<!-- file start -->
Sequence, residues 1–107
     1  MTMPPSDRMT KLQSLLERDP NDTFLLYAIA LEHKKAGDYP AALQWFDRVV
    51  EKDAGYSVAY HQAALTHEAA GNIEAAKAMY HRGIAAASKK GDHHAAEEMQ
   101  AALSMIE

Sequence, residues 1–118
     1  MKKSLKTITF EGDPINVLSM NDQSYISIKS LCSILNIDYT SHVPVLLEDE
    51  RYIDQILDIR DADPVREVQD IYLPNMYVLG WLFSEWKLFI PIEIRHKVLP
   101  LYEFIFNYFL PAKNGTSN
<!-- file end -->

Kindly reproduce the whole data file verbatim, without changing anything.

Sequence, residues 1–107
     1  MTMPPSDRMT KLQSLLERDP NDTFLLYAIA LEHKKAGDYP AALQWFDRVV
    51  EKDAGYSVAY HQAALTHEAA GNIEAAKAMY HRGIAAASKK GDHHAAEEMQ
   101  AALSMIE

Sequence, residues 1–118
     1  MKKSLKTITF EGDPINVLSM NDQSYISIKS LCSILNIDYT SHVPVLLEDE
    51  RYIDQILDIR DADPVREVQD IYLPNMYVLG WLFSEWKLFI PIEIRHKVLP
   101  LYEFIFNYFL PAKNGTSN